Welcome to the University of South Alabama's Center for Lung Biology (CLB). Our Center is comprised of more than 40 faculty members and 25 postdoctoral fellows, clinical fellows, and graduate students representing both basic and clinical science departments, all interested in some aspect of lung biology. The CLB seeks to provide state of the art scientific development in lung biology that advances the understanding of human health and disease, to improve patient care and serve as the foundation for outstanding graduate, post-graduate, and fellowship training.
CLB faculty research interests include Acute Lung Injury, Airways Biology, Nano-scale Respiratory Cell Biology, Pulmonary Endothelial Cell Biology, and Pulmonary Hypertension. Summaries of these research groups can be found at our Scientific Programs site, located on the left-side panel. We provide resource information for scientists interested in cell culture and experimental gene manipulation at our Tissue and Cell Culture Core and Gene Delivery Core sites. Our PercipioTM program is highlighted in the Art in Science section, and our healthy lifestyles program is highlighted in the Running and Walking Club section. Faculty, Post-doc and Clinical Fellows, and Graduate Student research interests and biosketches are available with a click. Stream an interview in our Meet the Professor series, which shares the academic lives and careers of our CLB faculty. Information on how to Contact Us is easily accessible, and training opportunities are shown in the Training Opportunities section. Our Did You Know... series is highlighted on this homepage, and archives can be retrieved with a click. Explore the interests of our faculty, fellows and graduate students. Again, welcome to the CLB.
Did You Know
|Figure 1. Current 5-year post-transplantation survival rates for kidney, liver, heart, and lung.
US Dept. of Health and Human Services, 2009.
...that 2013 marks the 50th anniversary of the first human lung transplant?
In 1963, Dr. James Hardy and colleagues from the University of Mississippi transplanted the left lung of John Richard Russell, a convicted murderer who suffered from an occlusive malignant carcinoma in his left lung, advanced emphysema of his right lung, and renal failure . For his contribution to science, Russell received a full pardon , but died 18 days after surgery. This hallmark procedure proved that lung transplantation was technically feasible. However, the 5-year post-transplant survival remains low compared to the survival rates of other organ transplants (Figure 1) .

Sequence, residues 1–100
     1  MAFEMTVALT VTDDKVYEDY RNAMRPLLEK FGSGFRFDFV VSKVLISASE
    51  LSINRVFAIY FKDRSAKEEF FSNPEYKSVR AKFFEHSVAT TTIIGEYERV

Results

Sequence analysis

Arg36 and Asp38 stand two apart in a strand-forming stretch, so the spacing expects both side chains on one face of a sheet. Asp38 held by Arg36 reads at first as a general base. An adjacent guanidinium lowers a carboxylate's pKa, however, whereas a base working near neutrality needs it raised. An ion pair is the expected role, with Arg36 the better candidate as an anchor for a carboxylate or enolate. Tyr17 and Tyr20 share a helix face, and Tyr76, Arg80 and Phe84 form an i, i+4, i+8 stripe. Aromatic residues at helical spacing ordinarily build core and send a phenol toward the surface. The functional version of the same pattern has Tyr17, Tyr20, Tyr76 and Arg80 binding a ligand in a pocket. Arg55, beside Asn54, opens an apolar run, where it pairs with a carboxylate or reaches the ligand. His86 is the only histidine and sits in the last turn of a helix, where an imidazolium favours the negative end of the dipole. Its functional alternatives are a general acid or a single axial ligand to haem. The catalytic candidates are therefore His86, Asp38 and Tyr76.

In the subsequent twenty years, several attempts at lung transplantation failed. Most patients died within a few weeks due to transplant rejection, and many never left the hospital. The improvement in immunosuppressive therapies was a significant advancement to post-surgery survival. Cyclosporine A, which inhibits the production of the pro-inflammatory cytokine, Interleukin 2 , and subsequent T-cell activation, became available clinically in 1983 and was used in the first successful lung transplant that same year . For transplant recipients, cyclosporine A remains a critical ingredient of the triple-drug immunotherapy, consisting of a calcineurin inhibitor, an antimetabolite, and a corticosteroid. This drug combination deters the onset of bronchiolitis obliterans syndrome, a form of chronic graft rejection and one of the leading causes of lung transplant-related mortality .
More sophisticated screening and storage techniques are critical to further increase 5-year survival. Currently, a transplant surgeon determines whether to operate solely by surveying the exterior of donor lungs . Once approved, lungs can be stored in 4°C for up to 3 hours, which is a potentially damaging process . Additionally, exhaustive eligibility criteria are established for both donors and recipients. Lung transplantation is absolutely contraindicated in patients with malignancy or dysfunction of another major organ system . Under the current guidelines, John Russell would have never received a new lung. While several advances have been made in the field of lung transplantation, more research is necessary to further improve 5-year survival.
Hardy, J.D., et al., Lung Homotransplantation in Man. JAMA, 1963. 186: p. 1065-74.
- Press, A., Pardon to Reward Convict in Rare Lung Transplant, in The Fort Scott Tribune. 1963: Fort Scott.
- Services, U.S.D.o.H.a.H. Patient Survival. 2009.
- Snell, G.I. and G.P. Westall, Immunosuppression for lung transplantation: evidence to date. Drugs, 2007. 67(11): p. 1531-9.
- Cooper, J.D., et al., Unilateral lung transplantation for pulmonary fibrosis. Toronto Lung Transplant Group. N Engl J Med, 1986. 314(18): p. 1140-5.
- Todd, J.L. and S.M. Palmer, Bronchiolitis obliterans syndrome: the final frontier for lung transplantation. Chest, 2011. 140(2): p. 502-8.
- Kron, I.L., et al., Successful transplantation of marginally acceptable thoracic organs. Ann Surg, 1993. 217(5): p. 518-22; discussion 522-4.
- Sanchez, P.G. and F. D'Ovidio, Ex-vivo lung perfusion. Curr Opin Organ Transplant, 2012. 17(5): p. 490-5.
- Orens, J.B., et al., International guidelines for the selection of lung transplant candidates: 2006 update--a consensus report from the Pulmonary Scientific Council of the International Society for Heart and Lung Transplantation. J Heart Lung Transplant, 2006. 25(7): p. 745-55.
Author: Jamie Hill
Chief editor: Sarah Sayner, Ph.D., October 2013